June 5, 2009

JavaOne: Signing Off

javaoneI just went to two more sessions here on the last day at JavaOne and they were actually both quite good. The first was given by William Pugh who is one of the creators of the FindBugs static analysis tool. We use FindBugs extensively in our build process with Project Darkstar and it has proven to be quite useful. It was interesting to see that a few of the bug examples given during this session actually had some overlap with Josh Bloch's Effective Java talk that I attended earlier in the conference. In addition to the FindBugs talk I also went to a talk on the ins and outs of the Java Virtual Machine. I am certainly no JVM expert so this was an interesting talk for me to see some examples of how the JVM does speculative optimization, garbage collection, and some other neat tricks to speed up your code.
I have one more session on my schedule for today but this will likely be my final blog post on this year's JavaOne conference. A few closing thoughts:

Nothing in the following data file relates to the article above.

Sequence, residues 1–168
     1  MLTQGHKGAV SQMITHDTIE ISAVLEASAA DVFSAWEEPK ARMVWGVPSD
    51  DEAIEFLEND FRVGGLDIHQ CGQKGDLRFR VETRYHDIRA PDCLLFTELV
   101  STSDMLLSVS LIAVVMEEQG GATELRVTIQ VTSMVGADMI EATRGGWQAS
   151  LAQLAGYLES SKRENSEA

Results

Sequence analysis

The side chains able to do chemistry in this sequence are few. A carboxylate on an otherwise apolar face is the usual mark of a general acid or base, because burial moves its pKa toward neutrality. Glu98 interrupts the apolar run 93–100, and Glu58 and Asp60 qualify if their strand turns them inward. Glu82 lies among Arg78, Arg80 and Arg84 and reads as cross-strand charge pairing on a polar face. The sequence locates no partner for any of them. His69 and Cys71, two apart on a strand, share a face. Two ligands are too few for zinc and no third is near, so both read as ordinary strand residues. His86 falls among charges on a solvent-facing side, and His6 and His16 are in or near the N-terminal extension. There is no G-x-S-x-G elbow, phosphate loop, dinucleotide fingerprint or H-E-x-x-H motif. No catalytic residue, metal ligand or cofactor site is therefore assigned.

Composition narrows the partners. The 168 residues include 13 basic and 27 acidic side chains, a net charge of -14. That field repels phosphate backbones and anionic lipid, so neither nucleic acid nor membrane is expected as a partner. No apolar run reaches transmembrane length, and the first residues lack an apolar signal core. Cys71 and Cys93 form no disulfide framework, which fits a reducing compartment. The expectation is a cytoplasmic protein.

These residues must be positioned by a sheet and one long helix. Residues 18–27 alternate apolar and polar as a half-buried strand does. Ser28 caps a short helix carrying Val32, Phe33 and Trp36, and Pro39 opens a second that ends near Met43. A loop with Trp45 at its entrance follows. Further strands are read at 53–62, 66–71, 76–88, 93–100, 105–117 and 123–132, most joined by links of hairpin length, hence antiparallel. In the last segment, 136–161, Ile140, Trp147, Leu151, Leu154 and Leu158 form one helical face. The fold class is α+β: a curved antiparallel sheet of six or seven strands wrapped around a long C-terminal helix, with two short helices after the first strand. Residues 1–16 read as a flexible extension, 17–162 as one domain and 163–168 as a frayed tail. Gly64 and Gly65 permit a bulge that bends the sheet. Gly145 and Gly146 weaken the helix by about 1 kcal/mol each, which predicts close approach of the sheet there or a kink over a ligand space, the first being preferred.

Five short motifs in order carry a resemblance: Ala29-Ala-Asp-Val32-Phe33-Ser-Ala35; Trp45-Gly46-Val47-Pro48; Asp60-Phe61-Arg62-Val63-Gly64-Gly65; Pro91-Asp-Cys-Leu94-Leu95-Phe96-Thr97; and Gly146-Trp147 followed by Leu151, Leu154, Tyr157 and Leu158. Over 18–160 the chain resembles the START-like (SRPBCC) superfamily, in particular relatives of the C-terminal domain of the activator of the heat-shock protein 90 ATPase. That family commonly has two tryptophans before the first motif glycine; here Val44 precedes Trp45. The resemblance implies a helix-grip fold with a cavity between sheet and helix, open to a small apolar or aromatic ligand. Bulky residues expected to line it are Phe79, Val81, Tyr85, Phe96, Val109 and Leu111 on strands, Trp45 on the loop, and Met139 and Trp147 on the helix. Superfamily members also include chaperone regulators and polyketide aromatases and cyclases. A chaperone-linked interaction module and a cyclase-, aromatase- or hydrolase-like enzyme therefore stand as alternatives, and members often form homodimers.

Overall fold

• On the subject of Project Darkstar, I would say it was a generally positive event. Darkstar is a technology that clearly many have heard of, are interested in, and have a sincere desire to apply it for their own needs. With DarkChat, the CommunityOne and JavaOne sessions, and the hands-on lab, this conference seemed to do a decent job of generating some additional buzz.
  • On a more general note, there's obviously a bit of uncertainty surrounding the future of Java, JavaOne, and how Oracle will handle its future direction. I think that showed a bit at this conference, as there was no clear air of excitement and energy around anything in particular. There weren't really any groundbreaking announcements, no killer apps, no prototypes that can truly be considered game changers. I did see many examples of fine engineering and innovation but nothing worthy of eliciting that "Wow" factor from a general audience.
  • Finally, on a personal note, I enjoyed coming to this conference and felt like I was able to connect a little more to the community than at the two GDC conferences I've been to this year. While Project Darkstar is a technology targeted specifically at games, I wouldn't say I consider myself a "game developer" at all. I'm a Java developer, and more generally a software developer, and while it was a long and exhausting week, I was glad I got the opportunity to be here and expand my horizons a bit.
So that's it for my week at JavaOne 2009. I hope you enjoyed following along. Next week I'll be back to my regularly scheduled Ultimate-playing ways.

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